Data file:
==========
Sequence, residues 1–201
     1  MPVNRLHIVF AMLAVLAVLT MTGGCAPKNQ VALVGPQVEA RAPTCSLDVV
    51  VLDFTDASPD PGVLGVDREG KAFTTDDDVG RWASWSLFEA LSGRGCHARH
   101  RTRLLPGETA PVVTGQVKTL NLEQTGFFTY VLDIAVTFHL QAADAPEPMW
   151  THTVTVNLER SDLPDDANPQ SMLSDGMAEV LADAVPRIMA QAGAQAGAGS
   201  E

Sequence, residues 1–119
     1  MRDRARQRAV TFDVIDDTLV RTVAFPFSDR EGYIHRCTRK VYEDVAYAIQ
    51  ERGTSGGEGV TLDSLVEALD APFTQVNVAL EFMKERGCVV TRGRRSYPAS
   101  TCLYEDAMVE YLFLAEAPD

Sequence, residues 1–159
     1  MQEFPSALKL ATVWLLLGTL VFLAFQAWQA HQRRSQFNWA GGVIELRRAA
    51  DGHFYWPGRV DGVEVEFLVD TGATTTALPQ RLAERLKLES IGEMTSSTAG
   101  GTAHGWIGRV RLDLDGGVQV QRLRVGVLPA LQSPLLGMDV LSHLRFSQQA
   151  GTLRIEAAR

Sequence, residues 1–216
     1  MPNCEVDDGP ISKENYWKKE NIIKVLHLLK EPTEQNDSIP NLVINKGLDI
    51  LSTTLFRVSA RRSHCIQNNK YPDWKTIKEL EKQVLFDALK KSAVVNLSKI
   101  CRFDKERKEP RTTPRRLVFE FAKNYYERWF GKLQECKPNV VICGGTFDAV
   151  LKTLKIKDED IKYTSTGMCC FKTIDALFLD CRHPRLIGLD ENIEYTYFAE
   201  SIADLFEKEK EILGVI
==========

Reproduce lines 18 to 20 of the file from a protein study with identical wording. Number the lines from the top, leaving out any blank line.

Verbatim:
    51  LSTTLFRVSA RRSHCIQNNK YPDWKTIKEL EKQVLFDALK KSAVVNLSKI
   101  CRFDKERKEP RTTPRRLVFE FAKNYYERWF GKLQECKPNV VICGGTFDAV
   151  LKTLKIKDED IKYTSTGMCC FKTIDALFLD CRHPRLIGLD ENIEYTYFAE